A-27. HUMINT collectors are Soldiers and are expected to conduct additional duties (for example, guard duty, escort duty, and others) like all unit Soldiers. However, HUMINT activities require significant time to establish and develop to fully support the commander. Even during times between significant operational activities (for example, patrols, raids, cordon and searches, and others), HCTs should be identifying and developing potential sources of information. The commander must balance assigning additional duties with their need for information to support current or future operations.

A-28. HUMINT collectors interact with and question other human beings and will often be a qualified linguist in the target area language. Based upon these skill sets, commanders may assign HUMINT collectors missions similar to activities often associated with civil affairs, MP, criminal investigative command, or interpreters or translators. However, this may be a misuse and potentially illegal. Requiring, or allowing, HUMINT collectors to perform functions outside their MOS can substantially degrade the HUMINT mission and the overall intelligence mission. This significantly reduces the amount of intelligence the commander receives and limits the commander’s situational awareness and situational understanding of the operational environment.

Summary of Report on Snowden Disclosures

 

Executive Summary of Review of the Unauthorized Disclosures of Former National Security Agency Contractor Edward Snowden

Page Count: 4 pages
Date: September 15, 2016
Restriction: None
Originating Organization: House Permanent Select Committee on Intelligence
File Type: pdf
File Size: 764,355 bytes
File Hash (SHA-256):9D2E808E8281494BA8F6FEB6A3CDA09A8A86E8C83C88F3883939A8155007DD70

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In June 2013, former National Security Agency (NSA) contractor Edward Snowden perpetrated the largest and most damaging public release of classified information in U.S. intelligence history. In August 2014, the Chairman and Ranking Member of the House Permanent Select Committee on Intelligence (HPSCI) directed Committee staff to carry out a comprehensive review of the unauthorized disclosures. The aim of the review was to allow the Committee to explain to other Members of Congress–and, where possible, the American people–how this breach occurred, what the U.S. Government knows about the man who committed it, and whether the security shortfalls it highlighted had been remedied.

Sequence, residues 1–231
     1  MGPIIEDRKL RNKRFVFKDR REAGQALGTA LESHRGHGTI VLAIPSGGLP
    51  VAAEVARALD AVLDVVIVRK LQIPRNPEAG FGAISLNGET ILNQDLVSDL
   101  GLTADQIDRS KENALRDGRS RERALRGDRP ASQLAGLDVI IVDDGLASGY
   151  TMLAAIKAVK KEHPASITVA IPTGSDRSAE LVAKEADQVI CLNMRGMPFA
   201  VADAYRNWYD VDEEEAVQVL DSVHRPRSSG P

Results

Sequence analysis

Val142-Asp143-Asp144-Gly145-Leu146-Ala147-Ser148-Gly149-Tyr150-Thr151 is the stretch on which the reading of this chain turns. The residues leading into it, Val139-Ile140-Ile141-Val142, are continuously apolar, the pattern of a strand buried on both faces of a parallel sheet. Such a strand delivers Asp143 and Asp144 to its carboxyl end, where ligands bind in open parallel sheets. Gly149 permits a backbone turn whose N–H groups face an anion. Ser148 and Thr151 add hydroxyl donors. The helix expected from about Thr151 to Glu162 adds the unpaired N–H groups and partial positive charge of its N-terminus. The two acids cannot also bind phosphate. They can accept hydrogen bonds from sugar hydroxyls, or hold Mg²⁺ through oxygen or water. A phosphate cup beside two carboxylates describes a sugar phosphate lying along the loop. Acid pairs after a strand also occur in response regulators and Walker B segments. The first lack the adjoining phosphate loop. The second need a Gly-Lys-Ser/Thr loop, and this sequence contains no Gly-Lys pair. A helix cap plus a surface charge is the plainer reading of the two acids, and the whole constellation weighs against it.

Over the next two years, Committee staff requested hundreds of documents from the Intelligence Community (IC), participated in dozens of briefings and meetings with IC personnel, conducted several interviews with key individuals with knowledge of Snowden’s background and actions, and traveled to NSA Hawaii to visit Snowden’s last two work locations. The review focused on Snowden’s background, how he was able to remove more than 1.5 million classified documents from secure NSA networks, what the 1.5 million documents contained, and the damage their removal caused to national security.

The Committee,s review was careful not to disturb any criminal investigation or future prosecution of Snowden, who has remained in Russia since he fled there on June 23, 2013. Accordingly) the Committee did not interview individuals whom the Department of Justice identified as possible witnesses at Snowden’s trial, including Snowden himself, nor did the Committee request any matters that may have occurred before a grand jury. Instead, the IC provided the Committee with access to other individuals who possessed substantively similar knowledge as the possible witnesses. Similarly, rather than interview Snowden’s NSA coworkers and supervisors directly, Committee staff interviewed IC personnel who had reviewed reports of interviews with Snowden’s co-workers and supervisors. The Committee remains hopeful that Snowden will return to the United States to face justice.

The bulk of the Committee’s 36-page review, which includes 230 footnotes, must remain classified to avoid causing further harm to national security; however, the Committee has made a number of unclassified findings. These findings demonstrate that the public narrative popularized by Snowden and his allies is rife with falsehoods, exaggerations, and crucial omissions, a pattern that began before he stole 1.5 million sensitive documents.

First, Snowden caused tremendous damage to national security, and the vast majority of the documents he stole have nothing to do with programs impacting individual privacy interests-they instead pertain to military, defense? and intelligence programs of great interest to America,s adversaries. A review of the materials Snowden compromised makes clear that he handed over secrets that protect American troops overseas and secrets that provide vital defenses against terrorists and nation-states. Some of Snowden’s disclosures exacerbated and accelerated existing trends that diminished the IC’s capabilities to collect against legitimate foreign intelligence targets, while others resulted in the loss of intelligence streams that had saved American lives. Snowden insists he has not shared the full cache of 1.5 million classified documents with anyone; however, in June 2016, the deputy chairman of the Russian parliaments defense and security committee publicly conceded that “Snowden did share intelligence” with his government. Additionally, although Snowden’s professed objective may have been to inform the general public, the information he released is also available to Russian, Chinese, Iranian, and North Korean govemment intelligence services; any terrorist with Internet access; and many others who wish to do harm to the United States.

Counter-Da’esh Influence Operations Cognitive Space Narrative Simulation Insights

Counter-Da’esh Influence Operations Cognitive Space Narrative Simulation Insights

Page Count: 69 pages
Date: May 2016
Restriction: None
Originating Organization: Joint Staff J39
File Type: pdf
File Size: 3,665,757 bytes
File Hash (SHA-256):D7EC7D64E98A8B16FBA01D8D46A3AE74CC83DB19378C9EC6C6D5D3F23AAB18E4